IGLR-2 is related to LRIG proteins

Our screen to isolate mutants phenotypically similar to paqr-2 yielded five alleles affecting only two genes, namely iglr-2 and paqr-2. This suggests that it will be difficult to isolate more components of the paqr-2 pathway using this approach. IGLR-2 is related to the mammalian LRIG proteins, and is the first C. elegans member of that protein family to be characterized. In mammals, LRIG proteins vary in their expression patterns and functions [28]. Some, such as LRIG1, 2 and 3 act as regulators of receptor tyrosine kinases, while others, such as the NLRRs, act as adhesion or signalling molecules [59,60]. Structurally, IGLR-2 is most similar to the mammalian AMIGO: both proteins have relatively few LRRs (5 and 7, respectively), a single Ig domain and a relatively short cytoplasmic domain. Intriguingly, AMIGO acts as an anchor point around which several Kv2.1 channel complexes can cluster, which increases their activity [30]. IGLR-2 could play a similar role in facilitating PAQR-2 clustering and stability to promote its activity, with the additional refinement that the interaction may also be regulated by membrane fluidity.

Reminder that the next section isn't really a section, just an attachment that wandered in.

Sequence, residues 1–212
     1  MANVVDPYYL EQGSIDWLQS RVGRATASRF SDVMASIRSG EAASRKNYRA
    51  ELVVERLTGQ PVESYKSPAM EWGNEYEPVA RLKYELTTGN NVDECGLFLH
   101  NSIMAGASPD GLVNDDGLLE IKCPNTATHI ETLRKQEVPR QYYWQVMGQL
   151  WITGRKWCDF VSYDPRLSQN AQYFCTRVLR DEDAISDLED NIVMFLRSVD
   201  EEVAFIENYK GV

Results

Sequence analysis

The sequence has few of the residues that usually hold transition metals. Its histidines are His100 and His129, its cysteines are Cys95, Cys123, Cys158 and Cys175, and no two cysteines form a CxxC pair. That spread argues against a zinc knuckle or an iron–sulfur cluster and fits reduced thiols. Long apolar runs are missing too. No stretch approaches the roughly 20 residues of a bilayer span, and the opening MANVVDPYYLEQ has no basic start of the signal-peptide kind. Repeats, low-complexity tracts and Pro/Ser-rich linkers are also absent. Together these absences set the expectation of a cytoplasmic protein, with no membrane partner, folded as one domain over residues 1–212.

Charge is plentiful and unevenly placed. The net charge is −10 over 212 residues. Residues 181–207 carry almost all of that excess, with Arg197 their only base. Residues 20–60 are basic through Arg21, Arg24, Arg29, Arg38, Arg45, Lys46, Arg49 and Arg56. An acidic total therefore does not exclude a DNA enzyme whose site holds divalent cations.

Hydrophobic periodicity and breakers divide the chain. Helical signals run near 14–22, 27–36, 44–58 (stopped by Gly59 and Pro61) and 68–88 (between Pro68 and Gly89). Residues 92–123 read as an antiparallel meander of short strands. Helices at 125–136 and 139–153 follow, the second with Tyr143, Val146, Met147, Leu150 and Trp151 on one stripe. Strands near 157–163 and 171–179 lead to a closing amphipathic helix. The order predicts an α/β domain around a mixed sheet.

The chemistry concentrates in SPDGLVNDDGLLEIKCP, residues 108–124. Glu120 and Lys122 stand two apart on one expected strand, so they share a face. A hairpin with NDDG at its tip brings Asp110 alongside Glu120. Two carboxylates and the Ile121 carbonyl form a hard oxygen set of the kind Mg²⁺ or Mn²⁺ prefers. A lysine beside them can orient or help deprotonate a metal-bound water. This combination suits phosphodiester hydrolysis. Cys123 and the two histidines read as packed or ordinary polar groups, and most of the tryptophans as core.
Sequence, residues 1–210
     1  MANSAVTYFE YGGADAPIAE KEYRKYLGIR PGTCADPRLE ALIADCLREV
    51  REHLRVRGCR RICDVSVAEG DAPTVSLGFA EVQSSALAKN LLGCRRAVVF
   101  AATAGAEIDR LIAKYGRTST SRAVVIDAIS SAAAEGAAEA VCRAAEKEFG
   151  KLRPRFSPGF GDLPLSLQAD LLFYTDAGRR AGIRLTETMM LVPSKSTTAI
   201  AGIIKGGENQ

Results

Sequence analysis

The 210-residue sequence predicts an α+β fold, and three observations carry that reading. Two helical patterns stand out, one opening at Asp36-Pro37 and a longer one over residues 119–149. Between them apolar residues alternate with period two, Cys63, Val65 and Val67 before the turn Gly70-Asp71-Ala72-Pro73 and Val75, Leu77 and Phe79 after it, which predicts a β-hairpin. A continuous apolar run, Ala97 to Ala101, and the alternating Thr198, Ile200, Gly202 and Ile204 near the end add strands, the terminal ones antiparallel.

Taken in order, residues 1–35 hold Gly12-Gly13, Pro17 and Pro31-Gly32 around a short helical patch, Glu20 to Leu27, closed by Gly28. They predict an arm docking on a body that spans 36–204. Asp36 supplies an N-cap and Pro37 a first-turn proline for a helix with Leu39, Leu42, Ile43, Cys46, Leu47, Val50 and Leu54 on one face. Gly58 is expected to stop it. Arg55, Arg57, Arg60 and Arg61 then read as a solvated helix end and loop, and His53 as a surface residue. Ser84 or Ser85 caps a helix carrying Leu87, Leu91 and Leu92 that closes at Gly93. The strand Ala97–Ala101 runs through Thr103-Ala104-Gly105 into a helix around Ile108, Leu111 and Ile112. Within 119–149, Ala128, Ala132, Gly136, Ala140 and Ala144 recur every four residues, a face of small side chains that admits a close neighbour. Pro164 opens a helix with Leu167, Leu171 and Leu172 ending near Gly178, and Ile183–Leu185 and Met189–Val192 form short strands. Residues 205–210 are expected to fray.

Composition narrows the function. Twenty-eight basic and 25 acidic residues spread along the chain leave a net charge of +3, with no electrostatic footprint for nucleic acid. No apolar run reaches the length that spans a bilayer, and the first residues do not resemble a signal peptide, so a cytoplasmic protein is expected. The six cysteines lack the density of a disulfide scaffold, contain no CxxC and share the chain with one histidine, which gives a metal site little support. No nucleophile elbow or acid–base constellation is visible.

PAQR-2 and IGLR-2 may be functionally analogous to the bacterial DesKR system

Dynamic regulation of membrane composition may be particularly important in an organism such as C. elegans where the majority of the membrane fatty acids are replaced within 24 hours [43]. While membrane turnover is slower in mammals [6167], it does occur constantly and, clearly, mechanisms must exist to monitor membrane properties and correspondingly adjust their composition for example in response to various diets. Virtually all cellular processes are in some fashion influenced by membranes, and regulating their composition is the primary mechanism to maintain optimal membrane properties [46,6870]. Perhaps the best understood sensor and regulator of membrane properties is the bacterial DesKR two-component system, which includes the histidine kinase DesK, a membrane protein with five transmembrane domains and a cytoplasmic catalytic domain containing the dimerization, histidine phosphotransferase and ATP-binding domains [1921]. DesK is a bifunctional enzyme: it acts as a phosphatase when unstimulated and as a kinase when stimulated by a reduction in membrane fluidity, thus regulating the activity of its cognate response regulator, DesR, itself a transcriptional regulator of Δ5-Des, a Δ5-desaturase gene. The activity of DesK is regulated by a conformational change: fluidity sensing involves a built-in structural instability near the N terminus of the first transmembrane domain that is buried in the lipid phase at low temperature but partially “buoy” to the aqueous phase at higher temperature with the thinning of the membrane, promoting the required conformational change [22]. Perhaps an aspect of PAQR-2 and/or IGLR-2 conformation is similarly regulated by membrane properties during cold adaptation or growth in the presence of glucose. Failure to correct membrane composition under these conditions, as in the paqr-2 or iglr-2 mutants, results in intolerable membrane rigidity.